Tuesday, March 31, 2009

Writers at work

This photo of Goethe's study in Weimar, from about 1929, with its dramatic shadows, has a vaguely Last Year at Marienbad look about it.  One can see that Goethe was assisted in his immense productivity by the lack of any distractions -- no books, no art work in the room, unlike in this painting by Evan Jordan entitled simply "Writer at Work in His Study." Aside from the fireplace, it reminds me of my own working environment, especially the great numbers of books that one will never get around to reading.

Goethe was also assisted in his work by the quiet, unassuming presence of various "Schreiber" (stenographers). He discovered in Frankfurt already that he didn't like to write himself, that he preferred to dictate, and he also used the services of others to carry out the wearying work of copying manuscripts. Philipp Seidel, who had been Cornelia's teacher, functioned as a copyist for Goethe's father, a lawyer, and then for the young Goethe himself. He accompanied Goethe when the latter moved to Weimar and remained his most trusted servant, indeed confidant, until 1788. Aside from Carl August, Philipp Seidel was the only person in Weimar privy to Goethe's journey to Italy in 1786. On Goethe's return to Weimar, Christiana Vulpius replaced Seidel in more ways than one. In the following years Goethe's relationship with his stenographers and copyists was strictly professional, but he often assisted them in their social and professional advancement.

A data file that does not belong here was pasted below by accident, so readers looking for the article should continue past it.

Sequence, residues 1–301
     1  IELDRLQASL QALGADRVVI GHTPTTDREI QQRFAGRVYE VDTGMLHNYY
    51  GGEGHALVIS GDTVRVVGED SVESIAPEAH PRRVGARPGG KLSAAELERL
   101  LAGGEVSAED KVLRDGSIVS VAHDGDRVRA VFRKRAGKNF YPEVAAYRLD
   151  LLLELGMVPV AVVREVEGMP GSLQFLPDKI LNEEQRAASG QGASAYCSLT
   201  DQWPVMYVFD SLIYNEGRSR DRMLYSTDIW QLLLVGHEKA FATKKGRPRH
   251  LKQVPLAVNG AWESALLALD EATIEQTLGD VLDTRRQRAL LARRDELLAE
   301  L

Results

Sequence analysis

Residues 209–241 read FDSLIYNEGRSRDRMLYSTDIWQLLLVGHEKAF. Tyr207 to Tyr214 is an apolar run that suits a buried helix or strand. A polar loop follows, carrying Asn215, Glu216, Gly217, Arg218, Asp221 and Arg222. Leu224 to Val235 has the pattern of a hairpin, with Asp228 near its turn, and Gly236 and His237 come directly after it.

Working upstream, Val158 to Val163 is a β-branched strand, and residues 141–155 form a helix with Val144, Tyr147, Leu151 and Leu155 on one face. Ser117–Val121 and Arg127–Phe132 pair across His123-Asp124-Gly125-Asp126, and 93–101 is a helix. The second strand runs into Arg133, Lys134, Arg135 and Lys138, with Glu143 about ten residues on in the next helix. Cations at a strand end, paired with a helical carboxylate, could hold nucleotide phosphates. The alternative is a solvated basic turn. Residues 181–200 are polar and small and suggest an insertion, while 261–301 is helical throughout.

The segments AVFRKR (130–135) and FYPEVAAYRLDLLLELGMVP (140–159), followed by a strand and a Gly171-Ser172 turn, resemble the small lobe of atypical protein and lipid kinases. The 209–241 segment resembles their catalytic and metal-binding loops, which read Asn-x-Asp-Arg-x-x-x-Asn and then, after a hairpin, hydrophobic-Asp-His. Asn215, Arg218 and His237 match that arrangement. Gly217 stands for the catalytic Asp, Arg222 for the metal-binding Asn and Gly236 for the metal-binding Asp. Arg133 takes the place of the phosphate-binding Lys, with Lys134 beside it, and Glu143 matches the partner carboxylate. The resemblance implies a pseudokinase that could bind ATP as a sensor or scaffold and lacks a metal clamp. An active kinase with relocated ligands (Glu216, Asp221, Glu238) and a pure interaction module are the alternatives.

Here are some more writers' studies and even writers at work, beginning with one of my favorites, Sylvia Townsend Warner. Very neat, but here one sees the various accoutrements that seem to be essential to the working environment of modern writers. In STW's case, the music manuscript on the wall indicates her musicological pursuits. In 1917 she joined a committee that collected Tudor church music from all over England, eventually published in ten volumes. Many of her early short stories take place in villages to which she traveled in her collecting work. Lots of eccentric English characters and rural sights in them.

Edith Wharton looks as if she is attending to her social correspondence. 
And, then, there was Jane Austen. Could it be any better than this? Have we done any better with computers, with the possibility of endless revising and printing?

Photo credits: Julian Littlewood (Goethe's study); Yale University Beinecke Rare Books and Manuscripts Library (Edith Wharton); The Guardian (Jane Austen) 

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